CHEFHOME - Editorial






First try to solve the 1-D version. You have N integer points marked on a number line, the point(s) that minimze the sum of the distances from all the points lie between the median points. In case, N is even, there are two median points. For example,for N = 4, and points {2,3,5,6} , we can easily calculate that {3,4,5} are the integer points that will minimize the sum of distances from all the other points in {2,3,5,6}.

We can extend this to the 2-D version. First thing to realize is that we can treat X and the Y coordinates independently of each other. Let A be the answer to solve the 1-D version on X coordinates. Let B be the answer to solve the 1-D version on Y coordinates. The final answer is simple A*B.


Can be found here.


Can be found here.


Can someone prove the claim made for the 1-D version of the problem?


median has equal number of numbers on both of its side. so lets say x is your median point for n points. Moving it to left means subtracting n/2 from the sum at x. However you have made the point far from the right side n/2 points. So you add n/2 again. Plus it’s possible that now more points exist in the right side. For example rrrxrrr. moving x to left means rrrxrrrr. As you see, now you are adding more to the optimal sum and subtracting less. It is clear why x is the optimal place to choose now.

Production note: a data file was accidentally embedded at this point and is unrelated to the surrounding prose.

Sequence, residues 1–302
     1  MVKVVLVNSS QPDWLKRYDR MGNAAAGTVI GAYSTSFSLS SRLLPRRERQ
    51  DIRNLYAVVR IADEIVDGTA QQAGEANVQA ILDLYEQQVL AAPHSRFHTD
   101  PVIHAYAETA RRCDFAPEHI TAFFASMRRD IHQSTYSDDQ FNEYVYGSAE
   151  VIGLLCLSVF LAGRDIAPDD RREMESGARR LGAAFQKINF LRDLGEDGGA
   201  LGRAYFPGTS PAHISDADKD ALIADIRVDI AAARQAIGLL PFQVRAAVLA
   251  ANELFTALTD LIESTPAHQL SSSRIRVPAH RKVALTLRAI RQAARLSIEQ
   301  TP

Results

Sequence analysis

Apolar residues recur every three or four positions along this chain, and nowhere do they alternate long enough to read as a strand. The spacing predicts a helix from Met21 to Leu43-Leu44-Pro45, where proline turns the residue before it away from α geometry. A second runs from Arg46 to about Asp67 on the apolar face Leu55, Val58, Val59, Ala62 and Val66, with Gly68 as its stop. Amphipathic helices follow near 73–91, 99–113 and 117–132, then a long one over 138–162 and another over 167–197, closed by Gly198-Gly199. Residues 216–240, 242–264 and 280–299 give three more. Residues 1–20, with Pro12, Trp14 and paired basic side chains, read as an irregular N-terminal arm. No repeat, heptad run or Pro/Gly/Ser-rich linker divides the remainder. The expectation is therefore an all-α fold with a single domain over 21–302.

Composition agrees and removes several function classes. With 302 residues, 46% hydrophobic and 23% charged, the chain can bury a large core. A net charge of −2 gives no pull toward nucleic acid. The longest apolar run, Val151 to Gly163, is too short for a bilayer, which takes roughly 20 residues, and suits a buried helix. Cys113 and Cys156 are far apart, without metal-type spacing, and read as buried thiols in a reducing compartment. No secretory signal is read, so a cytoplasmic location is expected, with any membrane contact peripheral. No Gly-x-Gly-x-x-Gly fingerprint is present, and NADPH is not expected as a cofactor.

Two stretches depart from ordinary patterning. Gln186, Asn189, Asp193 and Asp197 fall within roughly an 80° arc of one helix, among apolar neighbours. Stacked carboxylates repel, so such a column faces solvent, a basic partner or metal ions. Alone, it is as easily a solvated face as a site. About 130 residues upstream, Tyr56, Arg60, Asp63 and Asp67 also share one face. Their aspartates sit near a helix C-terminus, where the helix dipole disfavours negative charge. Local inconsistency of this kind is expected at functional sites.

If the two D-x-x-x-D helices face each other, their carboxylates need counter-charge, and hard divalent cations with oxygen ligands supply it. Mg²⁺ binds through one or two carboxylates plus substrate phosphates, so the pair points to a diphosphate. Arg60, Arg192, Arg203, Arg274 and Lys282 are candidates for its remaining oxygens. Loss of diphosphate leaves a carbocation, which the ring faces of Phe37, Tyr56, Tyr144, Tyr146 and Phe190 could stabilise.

Proof for 1-D version.
Let us consider an arbitrary point X. Let there be L number of points to the left of point X and R number of points to the right of X. Now, if L > R, let us move our point X one step to the left at X-1. Our new sum of distances will be oldsum + R - L. Note that R-L is < 0 so the new sum of distances < oldsum. So as long as there are more points to the left of our current point than on the right, we can keep moving left and decrease our sum. The same logic can be applied when R > L. This will continue till R == L. The point where the number of points to the left is the same as the number of points to the right is called the median. Hence Proved.